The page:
The Total Artificial Heart: Conclusion
It is likely that patients will be incapable of directly participating in the final decision to turn off a TAH. Advance termination agreements, like living wills or durable powers of attorney, could be used as part of the consent process to provide “relief from the continued beating of the artificial heart” just as they are now used in other settings. These directives should be constructed to protect health care providers from adverse legal action as they act to carry out the patients wishes. Such agreements should be reviewed periodically with the patient after the TAH has been implanted.
With the patients permission, termination planning should be conducted jointly with the designated proxy decision-maker. Patients should use durable powers of attorney to name family proxies to act in the patients interests if the patient is unable to participate in decisions. Such joint planning and proxy designations should prove helpful to families in the stressful time when the patient becomes incompetent. The medical chart should record the proxy’s participation in this process. In most jurisdictions, this process would provide significant legal protection for the physician and the institution where the TAH is used. there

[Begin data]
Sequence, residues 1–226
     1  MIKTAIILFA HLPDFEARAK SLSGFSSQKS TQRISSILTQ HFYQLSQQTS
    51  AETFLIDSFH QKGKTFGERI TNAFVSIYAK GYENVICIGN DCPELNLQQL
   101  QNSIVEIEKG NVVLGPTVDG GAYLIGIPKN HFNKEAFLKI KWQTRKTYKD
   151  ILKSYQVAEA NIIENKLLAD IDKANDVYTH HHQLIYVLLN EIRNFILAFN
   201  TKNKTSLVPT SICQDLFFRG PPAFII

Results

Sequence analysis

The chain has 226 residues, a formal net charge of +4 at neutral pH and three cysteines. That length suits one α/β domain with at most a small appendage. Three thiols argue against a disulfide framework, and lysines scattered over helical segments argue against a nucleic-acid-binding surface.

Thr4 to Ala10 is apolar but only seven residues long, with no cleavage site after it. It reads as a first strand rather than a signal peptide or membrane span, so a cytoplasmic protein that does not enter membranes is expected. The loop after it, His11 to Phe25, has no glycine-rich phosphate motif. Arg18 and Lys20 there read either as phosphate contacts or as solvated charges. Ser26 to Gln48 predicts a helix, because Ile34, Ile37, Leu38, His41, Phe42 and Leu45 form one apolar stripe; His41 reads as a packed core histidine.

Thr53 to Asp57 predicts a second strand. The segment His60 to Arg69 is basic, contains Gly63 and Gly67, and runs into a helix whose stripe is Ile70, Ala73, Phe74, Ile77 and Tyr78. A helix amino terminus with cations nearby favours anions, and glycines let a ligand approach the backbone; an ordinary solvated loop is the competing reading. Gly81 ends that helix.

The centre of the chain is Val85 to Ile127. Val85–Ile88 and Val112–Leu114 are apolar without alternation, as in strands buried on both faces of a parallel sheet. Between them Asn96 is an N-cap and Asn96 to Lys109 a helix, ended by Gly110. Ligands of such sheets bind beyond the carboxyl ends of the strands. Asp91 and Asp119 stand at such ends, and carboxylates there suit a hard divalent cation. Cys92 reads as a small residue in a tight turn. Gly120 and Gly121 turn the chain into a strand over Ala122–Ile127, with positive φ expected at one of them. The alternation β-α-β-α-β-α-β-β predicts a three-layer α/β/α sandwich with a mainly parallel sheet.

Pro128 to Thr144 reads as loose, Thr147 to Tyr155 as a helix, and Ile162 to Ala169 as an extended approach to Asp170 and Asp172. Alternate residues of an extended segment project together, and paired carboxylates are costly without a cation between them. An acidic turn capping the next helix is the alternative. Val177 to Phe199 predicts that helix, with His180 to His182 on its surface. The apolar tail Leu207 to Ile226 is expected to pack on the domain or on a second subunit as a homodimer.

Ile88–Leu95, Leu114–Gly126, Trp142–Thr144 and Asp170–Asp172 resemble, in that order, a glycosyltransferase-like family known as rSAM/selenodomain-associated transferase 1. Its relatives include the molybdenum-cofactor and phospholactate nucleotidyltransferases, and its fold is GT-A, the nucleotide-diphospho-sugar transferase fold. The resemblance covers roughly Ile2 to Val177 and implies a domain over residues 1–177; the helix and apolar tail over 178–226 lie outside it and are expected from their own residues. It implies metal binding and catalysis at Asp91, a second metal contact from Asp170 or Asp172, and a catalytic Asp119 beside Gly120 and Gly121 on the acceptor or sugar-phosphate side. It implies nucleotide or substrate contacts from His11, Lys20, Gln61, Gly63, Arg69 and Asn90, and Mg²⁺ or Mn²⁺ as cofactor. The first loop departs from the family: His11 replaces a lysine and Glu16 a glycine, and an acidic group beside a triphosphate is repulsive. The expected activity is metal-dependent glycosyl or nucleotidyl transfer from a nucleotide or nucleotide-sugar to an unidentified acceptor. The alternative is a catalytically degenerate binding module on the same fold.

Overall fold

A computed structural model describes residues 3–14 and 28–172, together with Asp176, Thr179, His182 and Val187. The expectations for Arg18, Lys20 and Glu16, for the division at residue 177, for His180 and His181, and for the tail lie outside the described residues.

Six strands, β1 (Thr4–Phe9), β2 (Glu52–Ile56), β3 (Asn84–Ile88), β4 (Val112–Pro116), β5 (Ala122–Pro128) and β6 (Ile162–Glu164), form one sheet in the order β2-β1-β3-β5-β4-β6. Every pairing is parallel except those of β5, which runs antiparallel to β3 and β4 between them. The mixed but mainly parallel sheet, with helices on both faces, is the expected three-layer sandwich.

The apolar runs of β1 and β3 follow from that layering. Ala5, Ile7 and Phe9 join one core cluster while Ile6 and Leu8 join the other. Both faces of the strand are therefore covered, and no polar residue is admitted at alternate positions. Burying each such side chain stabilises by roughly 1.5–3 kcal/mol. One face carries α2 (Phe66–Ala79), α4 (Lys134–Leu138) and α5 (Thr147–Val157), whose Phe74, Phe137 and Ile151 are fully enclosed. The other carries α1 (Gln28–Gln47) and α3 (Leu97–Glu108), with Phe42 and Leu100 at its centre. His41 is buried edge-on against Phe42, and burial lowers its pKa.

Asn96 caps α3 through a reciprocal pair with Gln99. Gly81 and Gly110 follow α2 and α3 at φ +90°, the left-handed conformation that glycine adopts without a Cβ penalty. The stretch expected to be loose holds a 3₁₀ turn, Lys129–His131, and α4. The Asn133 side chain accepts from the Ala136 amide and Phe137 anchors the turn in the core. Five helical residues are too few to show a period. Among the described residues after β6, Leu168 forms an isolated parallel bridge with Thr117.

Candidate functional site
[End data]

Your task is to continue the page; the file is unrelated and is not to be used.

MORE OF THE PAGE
The TAH poses ethical and public policy issues that are as formidable as the scientific and technical difficulties of TAH development. The task at hand is to develop effective therapies for patients dying prematurely of cardiac failure. The relative shortage of donor hearts will lead to continued interest in the TAH both as a permanent device and as a form of pre-transplantation management despite criticisms of this device. For public policy, the most pressing need is for an innovative policy to responsibly deploy the TAH as a bridge to transplant. For clinicians, the principles of consent and for advance planning for possible termination of the TAH are similar to those developed for other life support technologies.